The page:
Ethiopian Airlines-Led Consortium To Back New Nigerian Flag Carrier

Nigeria Air Boeing 737-800 concept

Nigeria Air Boeing 737-800 concept

Credit: Nigerian Government

Nigeria has chosen a consortium anchored by Ethiopian Airlines as the preferred bidder to create the West African country’s new national airline. 

Nigeria Air is scheduled to be launched with three Boeing 737-800s by year-end. Its initial route will be a shuttle service between the capital Abuja and the country’s main commercial hub, Lagos. Other domestic destinations are expected to follow.  

Nigeria has been without a designated national carrier since Air Nigeria—whose previous incarnations were Virgin Nigeria and Nigerian Eagle Airlines—collapsed in 2012. The new national airline originally was proposed at the 2018 Farnborough Airshow. 

Following the issue of a Request for Proposals (RFP) in March 2022, only one compliant bid, from the Ethiopian Airline Consortium, was available to be opened on June 10.  

The preferred bidder consortium comprises Ethiopian Airlines (49%), three Nigerian private investors (totaling 46%) and the Nigerian government (5%). The preferred bidder will be expected to provide a share capital of $300 million for Nigeria Air, which aims to ramp up quickly to a fleet of 30 aircraft over the next two years and begin international flights.  

The contract now will be negotiated between the consortium and federal government, leading to a “full business case,” which is expected to be approved by the Nigerian Federal Executive Council in 6-8 weeks.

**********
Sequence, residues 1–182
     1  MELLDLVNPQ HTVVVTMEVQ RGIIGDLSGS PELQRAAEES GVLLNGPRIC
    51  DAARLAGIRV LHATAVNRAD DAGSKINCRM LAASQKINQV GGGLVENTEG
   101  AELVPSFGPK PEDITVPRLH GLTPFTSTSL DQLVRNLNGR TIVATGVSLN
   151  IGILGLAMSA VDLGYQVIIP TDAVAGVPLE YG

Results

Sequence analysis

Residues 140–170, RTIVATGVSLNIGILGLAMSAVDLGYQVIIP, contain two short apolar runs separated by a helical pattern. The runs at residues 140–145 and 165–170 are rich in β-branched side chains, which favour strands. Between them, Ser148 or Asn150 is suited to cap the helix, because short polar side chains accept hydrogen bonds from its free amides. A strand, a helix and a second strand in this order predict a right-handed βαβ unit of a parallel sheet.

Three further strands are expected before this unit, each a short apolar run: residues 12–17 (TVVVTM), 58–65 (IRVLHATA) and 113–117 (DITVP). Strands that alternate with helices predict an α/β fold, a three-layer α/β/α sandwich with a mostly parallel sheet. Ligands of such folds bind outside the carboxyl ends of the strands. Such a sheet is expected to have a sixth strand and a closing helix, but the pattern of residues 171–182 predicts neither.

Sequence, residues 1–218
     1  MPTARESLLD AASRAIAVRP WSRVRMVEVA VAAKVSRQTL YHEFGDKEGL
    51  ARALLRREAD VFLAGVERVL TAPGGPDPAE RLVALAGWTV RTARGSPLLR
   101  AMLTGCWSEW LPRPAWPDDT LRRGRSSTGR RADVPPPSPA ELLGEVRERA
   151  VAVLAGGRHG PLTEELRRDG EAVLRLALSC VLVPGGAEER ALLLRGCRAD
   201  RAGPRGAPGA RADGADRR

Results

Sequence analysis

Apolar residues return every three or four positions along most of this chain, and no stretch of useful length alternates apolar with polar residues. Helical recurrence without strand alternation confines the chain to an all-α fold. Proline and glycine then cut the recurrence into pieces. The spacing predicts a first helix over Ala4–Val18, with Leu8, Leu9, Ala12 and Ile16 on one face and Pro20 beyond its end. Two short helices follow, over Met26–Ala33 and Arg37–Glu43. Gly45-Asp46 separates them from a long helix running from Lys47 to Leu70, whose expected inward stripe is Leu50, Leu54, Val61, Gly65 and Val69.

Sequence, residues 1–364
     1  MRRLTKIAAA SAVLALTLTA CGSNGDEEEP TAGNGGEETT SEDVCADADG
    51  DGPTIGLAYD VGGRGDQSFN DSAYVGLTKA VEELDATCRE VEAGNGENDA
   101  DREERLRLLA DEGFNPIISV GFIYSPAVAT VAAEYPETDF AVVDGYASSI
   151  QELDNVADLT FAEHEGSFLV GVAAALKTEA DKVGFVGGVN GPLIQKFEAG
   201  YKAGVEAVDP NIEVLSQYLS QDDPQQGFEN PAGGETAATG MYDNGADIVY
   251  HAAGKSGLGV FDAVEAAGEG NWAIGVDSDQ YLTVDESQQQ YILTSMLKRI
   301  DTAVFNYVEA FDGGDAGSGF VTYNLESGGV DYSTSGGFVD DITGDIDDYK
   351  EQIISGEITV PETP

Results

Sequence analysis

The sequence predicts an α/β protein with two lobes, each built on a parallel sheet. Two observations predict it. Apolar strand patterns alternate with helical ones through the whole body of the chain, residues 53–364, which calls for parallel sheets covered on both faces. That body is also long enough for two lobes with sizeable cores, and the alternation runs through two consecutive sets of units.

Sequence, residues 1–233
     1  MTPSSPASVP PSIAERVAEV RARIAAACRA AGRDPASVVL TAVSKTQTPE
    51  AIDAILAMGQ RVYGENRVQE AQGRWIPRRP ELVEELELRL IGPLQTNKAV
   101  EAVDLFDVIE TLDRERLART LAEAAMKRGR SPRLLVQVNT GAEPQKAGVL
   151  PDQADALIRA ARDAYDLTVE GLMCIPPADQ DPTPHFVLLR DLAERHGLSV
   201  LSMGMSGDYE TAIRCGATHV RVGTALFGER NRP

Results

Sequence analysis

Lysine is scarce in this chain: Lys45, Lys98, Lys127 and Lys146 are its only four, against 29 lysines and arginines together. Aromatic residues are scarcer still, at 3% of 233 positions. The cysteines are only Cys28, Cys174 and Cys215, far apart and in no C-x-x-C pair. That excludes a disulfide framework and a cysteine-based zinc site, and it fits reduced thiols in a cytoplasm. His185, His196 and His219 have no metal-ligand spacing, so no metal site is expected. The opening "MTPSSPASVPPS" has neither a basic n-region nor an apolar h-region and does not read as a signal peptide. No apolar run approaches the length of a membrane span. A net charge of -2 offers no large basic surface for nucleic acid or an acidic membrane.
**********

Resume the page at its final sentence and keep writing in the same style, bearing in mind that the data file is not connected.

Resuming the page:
The government said an interim executive team of aviation specialists has been working since February to write regulatory and industry requirements to launch the national carrier. All executives have been approved by the Nigerian Civil Aviation Authority (NCAA), which issued an air transport license. Nigeria Air, having identified its first three aircraft, now will finalize the necessary operations manuals and undergo the NCAA’s inspection and approval process.  

Nigeria Air’s 737-800s will be operated in a two-class configuration, with 16 business and 150 economy-class seats.  

The Nigerian launch team will work directly with Ethiopian to provide the three aircraft and their initial crews and engineers, while Nigeria recruits Boeing 737-rated cockpit and cabin personnel, together with engineers. 

The government says the first aircraft “is ready to arrive in Abuja for the further work and NCAA inspection, demo flights and audit as part of the [air operator certificate, or AOC] requirements. In time, two others will arrive to complete the required three aircraft for a new AOC holder.” 

Alan Dron

Based in London, Alan is Europe & Middle East correspondent at Air Transport World.